Invertebrates will respond to certain dangerous stimuli by trying to escape, but these animals lack the brain regions associated with the sensation of pain in vertebrates. As a result, some scientists have assumed that invertebrates can’t sense pain in the same way that vertebrates do. Yesterday (November 11), a pair of UK-based researchers published results in Biology Letters that potentially upend this perspective.
In a 2014 Animal Behaviour paper, researchers from Canada and the U.K. offered a set of criteria to determine whether an animal is experiencing pain, including learned avoidance behavior and measurable responses in physiology. Robert Elwood, an animal behavior researcher from Queen’s University Belfast, had previously shown that invertebrates can learn to avoid electrical shocks, but had not linked this observation to the animals’ physiological responses.
With colleague Laura Adams, Elwood tested these criteria using a set of 40 European shore crabs (Carcinus maenas) collected from Northern Ireland. The pair shocked half of the crabs in the right and left legs every 10 seconds for two minutes, leaving the remaining control crabs alone. The shocks lasted 200 milliseconds each.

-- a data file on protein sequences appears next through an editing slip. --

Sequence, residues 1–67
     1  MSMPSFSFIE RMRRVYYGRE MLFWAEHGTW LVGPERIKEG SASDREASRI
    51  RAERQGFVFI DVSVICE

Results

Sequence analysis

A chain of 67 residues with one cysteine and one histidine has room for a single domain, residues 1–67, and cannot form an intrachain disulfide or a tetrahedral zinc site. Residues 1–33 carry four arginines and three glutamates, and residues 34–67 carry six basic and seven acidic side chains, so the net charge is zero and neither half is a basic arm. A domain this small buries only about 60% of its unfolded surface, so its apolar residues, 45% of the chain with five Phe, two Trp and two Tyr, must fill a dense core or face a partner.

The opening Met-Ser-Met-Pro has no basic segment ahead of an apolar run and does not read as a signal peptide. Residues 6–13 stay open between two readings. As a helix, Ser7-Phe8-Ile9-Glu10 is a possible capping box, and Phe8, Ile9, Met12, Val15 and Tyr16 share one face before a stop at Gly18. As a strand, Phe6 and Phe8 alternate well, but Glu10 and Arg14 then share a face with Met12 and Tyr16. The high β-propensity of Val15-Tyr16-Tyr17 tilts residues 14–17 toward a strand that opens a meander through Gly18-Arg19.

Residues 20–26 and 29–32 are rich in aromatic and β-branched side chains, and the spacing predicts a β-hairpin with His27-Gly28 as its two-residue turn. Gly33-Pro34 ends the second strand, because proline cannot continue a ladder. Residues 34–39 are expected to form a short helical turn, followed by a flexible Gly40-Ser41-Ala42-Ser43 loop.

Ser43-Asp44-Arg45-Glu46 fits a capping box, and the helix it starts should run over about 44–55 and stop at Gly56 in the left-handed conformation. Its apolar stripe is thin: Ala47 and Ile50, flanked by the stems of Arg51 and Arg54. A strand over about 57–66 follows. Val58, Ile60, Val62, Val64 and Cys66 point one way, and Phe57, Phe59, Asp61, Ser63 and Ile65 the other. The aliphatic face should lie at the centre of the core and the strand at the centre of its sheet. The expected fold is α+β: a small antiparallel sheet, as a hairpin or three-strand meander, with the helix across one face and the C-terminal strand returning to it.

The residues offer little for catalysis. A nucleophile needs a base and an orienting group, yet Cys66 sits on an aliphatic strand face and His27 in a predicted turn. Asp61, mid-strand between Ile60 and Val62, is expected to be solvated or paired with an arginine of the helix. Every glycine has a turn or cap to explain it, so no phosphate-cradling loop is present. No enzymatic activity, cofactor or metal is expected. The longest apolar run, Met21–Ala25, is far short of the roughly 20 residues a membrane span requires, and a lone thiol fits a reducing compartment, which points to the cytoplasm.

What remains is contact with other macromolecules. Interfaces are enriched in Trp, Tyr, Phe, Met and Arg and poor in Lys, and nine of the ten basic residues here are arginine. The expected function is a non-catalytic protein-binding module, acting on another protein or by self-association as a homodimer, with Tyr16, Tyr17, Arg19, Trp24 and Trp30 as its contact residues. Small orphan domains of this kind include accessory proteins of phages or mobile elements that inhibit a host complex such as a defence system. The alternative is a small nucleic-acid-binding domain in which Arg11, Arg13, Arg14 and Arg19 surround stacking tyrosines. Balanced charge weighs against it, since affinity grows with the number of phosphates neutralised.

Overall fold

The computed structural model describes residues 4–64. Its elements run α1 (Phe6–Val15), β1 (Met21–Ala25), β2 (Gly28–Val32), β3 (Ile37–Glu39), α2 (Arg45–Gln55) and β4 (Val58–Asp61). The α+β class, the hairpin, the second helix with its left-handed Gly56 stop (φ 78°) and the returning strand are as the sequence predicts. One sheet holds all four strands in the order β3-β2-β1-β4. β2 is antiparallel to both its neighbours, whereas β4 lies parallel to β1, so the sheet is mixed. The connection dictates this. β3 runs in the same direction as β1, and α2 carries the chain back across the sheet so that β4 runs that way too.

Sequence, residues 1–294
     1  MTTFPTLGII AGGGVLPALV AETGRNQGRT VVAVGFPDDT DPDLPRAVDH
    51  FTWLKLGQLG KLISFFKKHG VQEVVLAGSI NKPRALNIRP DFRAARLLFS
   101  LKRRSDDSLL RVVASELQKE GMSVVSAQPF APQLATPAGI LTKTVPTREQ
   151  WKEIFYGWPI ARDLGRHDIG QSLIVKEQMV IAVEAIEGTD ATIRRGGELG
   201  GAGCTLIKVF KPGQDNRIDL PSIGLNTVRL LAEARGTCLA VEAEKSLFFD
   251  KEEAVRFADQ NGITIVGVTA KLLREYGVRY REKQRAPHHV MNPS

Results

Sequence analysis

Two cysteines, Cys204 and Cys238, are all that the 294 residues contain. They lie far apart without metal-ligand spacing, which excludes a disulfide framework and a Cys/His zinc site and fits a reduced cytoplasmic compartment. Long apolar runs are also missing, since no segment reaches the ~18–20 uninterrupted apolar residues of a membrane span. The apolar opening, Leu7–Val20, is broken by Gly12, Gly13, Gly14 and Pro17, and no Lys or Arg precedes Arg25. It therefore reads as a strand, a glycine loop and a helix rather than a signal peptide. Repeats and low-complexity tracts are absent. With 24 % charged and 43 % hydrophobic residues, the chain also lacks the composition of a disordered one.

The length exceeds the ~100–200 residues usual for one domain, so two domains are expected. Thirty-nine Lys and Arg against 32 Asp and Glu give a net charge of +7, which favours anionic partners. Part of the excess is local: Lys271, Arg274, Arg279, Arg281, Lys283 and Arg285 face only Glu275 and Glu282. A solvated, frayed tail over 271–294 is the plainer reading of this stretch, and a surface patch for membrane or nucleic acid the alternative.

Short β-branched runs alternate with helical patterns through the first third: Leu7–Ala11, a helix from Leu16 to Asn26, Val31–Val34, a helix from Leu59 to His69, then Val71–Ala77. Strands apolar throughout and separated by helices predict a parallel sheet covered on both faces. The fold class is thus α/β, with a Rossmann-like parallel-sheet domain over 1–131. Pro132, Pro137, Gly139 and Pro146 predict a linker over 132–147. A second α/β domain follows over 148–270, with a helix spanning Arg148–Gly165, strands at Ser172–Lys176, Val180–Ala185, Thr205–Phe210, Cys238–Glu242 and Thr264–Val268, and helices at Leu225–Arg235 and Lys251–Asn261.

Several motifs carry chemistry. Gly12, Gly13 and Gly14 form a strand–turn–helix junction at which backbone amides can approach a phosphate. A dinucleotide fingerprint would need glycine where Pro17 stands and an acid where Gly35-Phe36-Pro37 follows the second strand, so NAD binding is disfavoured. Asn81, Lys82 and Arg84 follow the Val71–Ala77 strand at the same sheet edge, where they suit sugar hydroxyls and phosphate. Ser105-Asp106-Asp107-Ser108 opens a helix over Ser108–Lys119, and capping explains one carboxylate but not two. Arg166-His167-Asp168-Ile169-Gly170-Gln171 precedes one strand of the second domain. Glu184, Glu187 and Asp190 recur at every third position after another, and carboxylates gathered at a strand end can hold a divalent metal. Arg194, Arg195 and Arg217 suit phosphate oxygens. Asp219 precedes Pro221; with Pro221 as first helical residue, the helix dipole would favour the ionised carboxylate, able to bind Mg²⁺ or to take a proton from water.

Among the electrified crabs, 16 of 20 began walking after being shocked, a potential sign of avoidance behavior. However, 14 control crabs also began walking partway through the experiment. The remaining four crabs that received the shocks also tried to climb out of their tanks or displayed an aggressive posture.
Digging deeper, the researchers measured the lactic acid response in the walking crabs from both groups. They found that the crabs that had been shocked had nearly triple the levels of lactate in their bodies compared to the unshocked crabs, even when controlling for the greater physical activity.
“The data are thus consistent with the idea that shock induces a stressful pain-like state,” Elwood and Adams wrote in their paper. “Importantly, this fulfils a key criterion expected of animals that experience pain.”